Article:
Why Genworth Earnings Are Set to Soar

Genworth Financial (NYSE: GNW  ) will release its quarterly report tomorrow, but investors have already gotten a head-start in celebrating. With the recovery in housing greatly bolstering the creditworthiness of mortgage-backed securities compared to their financial-crisis lows, companies that insure those bonds against loss have bounced back sharply, and Genworth earnings look poised to reap the benefits.

Genworth Financial does more than just insure mortgages, with a full line of other insurance products as well. But lately, institutional investors have paid a lot of attention to Genworth's rivals in mortgage insurance, and the segment has been a big part of the company's overall success recently. Let's take an early look at what's been happening with Genworth Financial over the past quarter and what we're likely to see in its quarterly report.

Stats on Genworth Financial

Analyst EPS Estimate

$0.29

Change From Year-Ago EPS

81%

Revenue Estimate

$2.44 billion

Change From Year-Ago Revenue

(4.7%)

Earnings Beats in Past 4 Quarters

3

Source: Yahoo! Finance.

How far can Genworth earnings soar?
Analysts have largely held their views on Genworth earnings steady in recent months, with just a single penny increase in earnings-per-share estimates for the full 2013 year. The stock, though, has gone through the roof, climbing 34% since late April.

Genworth's positive momentum continued when it announced its first-quarter results at the end of April. With its profit more than doubling, Genworth's gains centered on its mortgage-insurance business, which reversed a year-ago operating loss with a profit of $21 million. The company also saw substantial gains globally from its mortgage business.

Genworth's results are consistent with the gains that its mortgage-insurance peers have experienced. Both Radian Group (NYSE: RDN  ) and MGIC Investment (NYSE: MTG  ) have posted impressive gains that have attracted the attention of hedge-fund investors seeking to capitalize on the strengthening housing market. Yet in the long run, the question that faces the entire industry is whether lenders will even want to make mortgage loans with inadequate down payments that require mortgage insurance in the first place. Some would argue that tighter lending standards would make mortgage insurance unnecessary, while others note that lenders might choose to demand insurance beyond the current standards of roughly 20% to 25% home equity that have historically triggered the contractual need for purchase-money insurance in mortgage contracts.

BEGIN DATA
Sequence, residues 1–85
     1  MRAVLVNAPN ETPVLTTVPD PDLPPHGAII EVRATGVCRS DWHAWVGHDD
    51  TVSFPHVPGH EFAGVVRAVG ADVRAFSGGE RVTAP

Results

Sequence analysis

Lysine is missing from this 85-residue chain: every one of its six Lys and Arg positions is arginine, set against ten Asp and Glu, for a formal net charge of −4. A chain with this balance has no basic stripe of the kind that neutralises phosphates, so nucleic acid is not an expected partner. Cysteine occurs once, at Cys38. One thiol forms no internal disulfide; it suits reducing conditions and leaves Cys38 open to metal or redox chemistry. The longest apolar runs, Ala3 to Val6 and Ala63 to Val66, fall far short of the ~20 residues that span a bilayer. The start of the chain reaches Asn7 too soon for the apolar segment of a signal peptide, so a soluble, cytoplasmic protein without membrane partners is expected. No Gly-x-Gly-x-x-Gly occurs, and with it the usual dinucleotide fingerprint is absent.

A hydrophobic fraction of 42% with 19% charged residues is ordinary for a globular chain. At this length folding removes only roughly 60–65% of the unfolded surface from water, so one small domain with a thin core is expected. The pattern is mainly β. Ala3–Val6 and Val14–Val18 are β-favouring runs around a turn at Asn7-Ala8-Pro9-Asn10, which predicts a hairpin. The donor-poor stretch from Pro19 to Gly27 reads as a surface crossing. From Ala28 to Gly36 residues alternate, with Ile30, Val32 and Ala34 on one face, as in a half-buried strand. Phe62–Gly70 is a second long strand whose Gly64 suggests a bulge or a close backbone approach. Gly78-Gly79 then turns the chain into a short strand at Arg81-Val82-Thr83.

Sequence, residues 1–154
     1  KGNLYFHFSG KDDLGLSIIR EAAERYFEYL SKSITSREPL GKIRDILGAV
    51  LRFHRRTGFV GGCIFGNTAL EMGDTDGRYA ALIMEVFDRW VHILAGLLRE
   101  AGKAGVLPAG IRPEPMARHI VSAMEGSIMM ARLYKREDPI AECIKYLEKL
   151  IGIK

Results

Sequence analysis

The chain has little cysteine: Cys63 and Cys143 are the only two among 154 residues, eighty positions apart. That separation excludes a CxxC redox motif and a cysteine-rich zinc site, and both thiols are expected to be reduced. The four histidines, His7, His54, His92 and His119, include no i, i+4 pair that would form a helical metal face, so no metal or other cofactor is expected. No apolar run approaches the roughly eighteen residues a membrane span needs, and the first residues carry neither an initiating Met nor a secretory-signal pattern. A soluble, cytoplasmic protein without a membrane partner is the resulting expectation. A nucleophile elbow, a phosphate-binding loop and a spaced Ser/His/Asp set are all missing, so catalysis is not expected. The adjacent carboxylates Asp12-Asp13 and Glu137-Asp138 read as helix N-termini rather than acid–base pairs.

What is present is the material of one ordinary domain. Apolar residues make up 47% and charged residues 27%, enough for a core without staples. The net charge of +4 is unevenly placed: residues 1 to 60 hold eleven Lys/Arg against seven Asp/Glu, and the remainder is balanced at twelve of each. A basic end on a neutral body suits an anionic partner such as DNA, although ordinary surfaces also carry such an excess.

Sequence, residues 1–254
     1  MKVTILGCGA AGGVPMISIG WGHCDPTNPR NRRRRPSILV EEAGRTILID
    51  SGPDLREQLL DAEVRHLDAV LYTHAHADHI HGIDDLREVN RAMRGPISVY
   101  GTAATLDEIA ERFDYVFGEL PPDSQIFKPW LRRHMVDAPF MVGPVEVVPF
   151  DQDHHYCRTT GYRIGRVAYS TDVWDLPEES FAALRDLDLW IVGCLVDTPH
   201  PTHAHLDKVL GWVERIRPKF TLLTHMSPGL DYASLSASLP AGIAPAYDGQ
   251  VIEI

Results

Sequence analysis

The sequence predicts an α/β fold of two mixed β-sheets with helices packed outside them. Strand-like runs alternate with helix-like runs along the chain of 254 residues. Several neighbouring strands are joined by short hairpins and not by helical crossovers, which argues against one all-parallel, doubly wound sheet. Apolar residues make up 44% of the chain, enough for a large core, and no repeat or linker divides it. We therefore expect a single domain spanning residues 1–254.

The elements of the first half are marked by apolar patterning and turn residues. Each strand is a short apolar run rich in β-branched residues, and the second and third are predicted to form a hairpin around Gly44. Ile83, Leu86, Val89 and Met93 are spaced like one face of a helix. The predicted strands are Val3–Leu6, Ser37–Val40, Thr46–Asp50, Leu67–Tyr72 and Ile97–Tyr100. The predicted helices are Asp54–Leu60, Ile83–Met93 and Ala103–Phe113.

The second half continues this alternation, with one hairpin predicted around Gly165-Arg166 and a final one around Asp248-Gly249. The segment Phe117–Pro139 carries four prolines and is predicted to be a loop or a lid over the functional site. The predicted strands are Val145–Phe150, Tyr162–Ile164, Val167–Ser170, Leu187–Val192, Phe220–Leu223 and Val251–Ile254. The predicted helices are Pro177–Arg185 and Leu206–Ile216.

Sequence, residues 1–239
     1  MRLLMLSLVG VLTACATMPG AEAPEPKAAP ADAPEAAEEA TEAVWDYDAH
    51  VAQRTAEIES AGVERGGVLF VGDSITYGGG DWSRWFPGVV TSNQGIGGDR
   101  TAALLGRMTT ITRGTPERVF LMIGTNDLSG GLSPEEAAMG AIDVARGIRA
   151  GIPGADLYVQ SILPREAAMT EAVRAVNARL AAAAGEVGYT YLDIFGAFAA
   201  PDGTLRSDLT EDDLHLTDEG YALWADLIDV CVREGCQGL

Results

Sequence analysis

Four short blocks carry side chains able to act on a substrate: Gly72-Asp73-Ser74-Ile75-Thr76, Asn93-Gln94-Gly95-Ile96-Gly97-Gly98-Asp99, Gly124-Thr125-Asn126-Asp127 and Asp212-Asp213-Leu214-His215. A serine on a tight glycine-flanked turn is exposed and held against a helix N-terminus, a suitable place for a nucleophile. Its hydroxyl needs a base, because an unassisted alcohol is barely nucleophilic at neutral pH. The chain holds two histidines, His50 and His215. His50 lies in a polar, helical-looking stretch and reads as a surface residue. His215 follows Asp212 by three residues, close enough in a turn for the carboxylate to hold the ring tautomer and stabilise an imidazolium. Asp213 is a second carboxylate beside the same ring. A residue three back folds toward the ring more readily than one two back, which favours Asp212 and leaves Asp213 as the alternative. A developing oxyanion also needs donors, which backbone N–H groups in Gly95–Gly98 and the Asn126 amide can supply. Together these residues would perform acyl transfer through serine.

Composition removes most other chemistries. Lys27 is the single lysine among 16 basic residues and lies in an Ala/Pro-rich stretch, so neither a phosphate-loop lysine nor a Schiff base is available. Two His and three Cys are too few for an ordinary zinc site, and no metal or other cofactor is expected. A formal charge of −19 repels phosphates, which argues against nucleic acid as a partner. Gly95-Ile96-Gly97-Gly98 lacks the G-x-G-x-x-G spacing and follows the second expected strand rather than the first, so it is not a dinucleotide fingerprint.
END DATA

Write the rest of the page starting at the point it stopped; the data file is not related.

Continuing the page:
Beyond mortgage insurance, not everything has gone well at Genworth. Its long-term care insurance business continues to struggle, with operating profits having fallen by more than 40% as Genworth struggles to get regulators to allow it to increase rates enough to make the business economically viable. Major competitors MetLife (NYSE: MET  ) and Prudential (NYSE: PRU  ) have already pulled back from long-term care, and Genworth might have to follow suit if it can't find other ways to make money from the segment. In addition, Genworth joined other insurers in settling claims that it and others failed to pay policy benefits to life-insurance customers, serving as a reminder that litigation risks continue to exist throughout the financial industry.

In the Genworth earnings report, watch to see whether the company comments on any impact from higher interest rates on mortgage activity. If banks start making fewer mortgage loans, it could dry up Genworth's policy-underwriting growth, potentially putting an end to the huge growth the company has seen recently. 

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